Tuesday, April 24, 2007

Oncoming Job Action?

Yesterday I had a lunch-time conversation with studio labor relations executives and a fellow union business rep. The rep told us how most of the members of his local were employed because the pace of production has picked up in anticipation of a possible labor stoppage by the WGA, SAG, or both. Which is what this LA TIMES article is about...

Anticipating a possible walkout, networks and studio executives are starting to take steps to keep production pipelines flowing. The contingency plans include pushing up shooting schedules, ordering more reality TV programs and renegotiating with writers to turn in their film scripts earlier than usual.

"They're protecting their long-range business interests," said chief studio negotiator J. Nicholas Counter, president of the Alliance of Motion Picture and Television Producers.

I've been an observer and participant in these things for a long time now, and the speed ups in production -- which occur at the end of every contract cycle where there aren't early negotiations and agreements -- serve dual purposes.

The obvious one (as stated above) is to offer corporations some ah, corporate insurance. Stockpile extra scripts. Shoot additional shows. But it's also a small piece of the psychological warfare that goes on before, during and after any negotiation. The message that says: "You're better off making a deal than hitting the bricks. Because we're ready and willing to wait you out and grind you down."

Guild leaders have alleged that studios are trying to scare writers by suggesting they are stockpiling scripts and shows. There has been little evidence of a large-scale stockpiling like there was in 2001, when fear of strikes by actors and writers caused a major acceleration of production.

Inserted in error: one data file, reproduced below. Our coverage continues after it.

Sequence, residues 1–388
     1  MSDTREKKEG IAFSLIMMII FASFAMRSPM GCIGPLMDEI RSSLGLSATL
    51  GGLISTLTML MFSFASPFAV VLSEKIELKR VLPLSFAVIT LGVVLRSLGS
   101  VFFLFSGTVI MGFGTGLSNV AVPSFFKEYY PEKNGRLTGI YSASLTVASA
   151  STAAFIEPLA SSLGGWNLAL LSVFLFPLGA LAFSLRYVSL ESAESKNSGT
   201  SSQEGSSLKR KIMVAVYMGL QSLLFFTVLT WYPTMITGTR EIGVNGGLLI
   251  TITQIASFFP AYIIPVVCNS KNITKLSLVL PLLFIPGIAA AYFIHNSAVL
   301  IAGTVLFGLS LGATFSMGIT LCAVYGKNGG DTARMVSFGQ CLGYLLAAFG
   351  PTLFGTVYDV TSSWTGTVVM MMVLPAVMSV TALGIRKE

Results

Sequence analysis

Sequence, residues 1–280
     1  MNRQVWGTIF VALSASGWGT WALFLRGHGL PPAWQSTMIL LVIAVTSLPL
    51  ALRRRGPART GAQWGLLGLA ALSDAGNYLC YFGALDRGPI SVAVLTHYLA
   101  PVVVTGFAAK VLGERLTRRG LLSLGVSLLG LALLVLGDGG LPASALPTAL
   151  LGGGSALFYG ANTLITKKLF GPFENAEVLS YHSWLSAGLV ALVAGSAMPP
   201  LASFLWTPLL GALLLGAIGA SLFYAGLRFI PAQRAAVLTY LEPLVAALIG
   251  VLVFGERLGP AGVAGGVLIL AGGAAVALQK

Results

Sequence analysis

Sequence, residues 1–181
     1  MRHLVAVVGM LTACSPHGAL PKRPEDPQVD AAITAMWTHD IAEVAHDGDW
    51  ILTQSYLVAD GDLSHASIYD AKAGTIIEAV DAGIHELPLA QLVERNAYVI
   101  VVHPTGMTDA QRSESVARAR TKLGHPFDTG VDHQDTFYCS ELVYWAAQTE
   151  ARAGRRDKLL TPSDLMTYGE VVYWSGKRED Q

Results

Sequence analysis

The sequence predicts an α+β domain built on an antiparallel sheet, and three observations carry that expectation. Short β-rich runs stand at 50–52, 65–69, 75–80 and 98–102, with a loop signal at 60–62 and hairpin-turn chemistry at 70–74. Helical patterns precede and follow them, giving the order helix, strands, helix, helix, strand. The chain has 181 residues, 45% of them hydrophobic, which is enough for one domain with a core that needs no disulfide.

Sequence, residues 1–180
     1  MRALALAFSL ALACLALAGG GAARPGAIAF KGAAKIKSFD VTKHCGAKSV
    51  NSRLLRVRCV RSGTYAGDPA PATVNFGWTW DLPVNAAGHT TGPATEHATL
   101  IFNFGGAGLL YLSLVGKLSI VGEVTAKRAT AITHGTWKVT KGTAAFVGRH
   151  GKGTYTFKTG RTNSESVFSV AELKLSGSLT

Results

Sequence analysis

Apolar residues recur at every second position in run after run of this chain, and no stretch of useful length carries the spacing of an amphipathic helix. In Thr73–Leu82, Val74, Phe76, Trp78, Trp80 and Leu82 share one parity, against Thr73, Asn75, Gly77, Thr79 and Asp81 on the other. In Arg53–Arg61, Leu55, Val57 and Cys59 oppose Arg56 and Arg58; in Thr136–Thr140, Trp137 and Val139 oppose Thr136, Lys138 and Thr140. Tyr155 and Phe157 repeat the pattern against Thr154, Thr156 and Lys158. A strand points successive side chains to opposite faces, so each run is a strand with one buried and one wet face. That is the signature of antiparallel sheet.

"We've never seen stockpiling to be a significant negotiating strategy," said Chuck Slocum, assistant executive director of the Writers Guild of America, West. "We don't see any reason a deal cannot be reached and we look forward to negotiating to that end."

Bet your backside the producers are trying to "scare writers." They're also trying to make sure they have product to carry them through a strike. If production hasn't sped up to 2001 levels, there's still plenty of time.

And of course the WGAw is working to buck their troops up, being dismissive and optimistic at the same time. Like I say. The usual mind battles prior to negotiations.

Senior executives from the major studios met with Counter last week to discuss their strategies for negotiations, which will begin July 16. The current contract expires Oct. 31.

Rival networks and studio executives have been keeping their contingency plans under wraps not only from writers but also one another.

Although none would publicly discuss their plans, several Hollywood executives privately acknowledged that they were preparing for what could be the first writers' strike since 1988.

So we've got studio execs chatting to the L.A. TIMES about the preparations they're making. But "not for attribution," of course. More for the purpose of sending veiled messages.

But let's not be opaque here. What's going on right now, and will go on until a new contract agreement is reached, is an intricate game of chicken. The WGA and SAG will be marshalling their members and working to get them pumped up. The various conglomerates will be striving to dampen the rank-and-file's enthusiasm for striking.

And the members of the various Hollywood unions will get more work until either a real or defacto strike kicks in around April or May of 2008.


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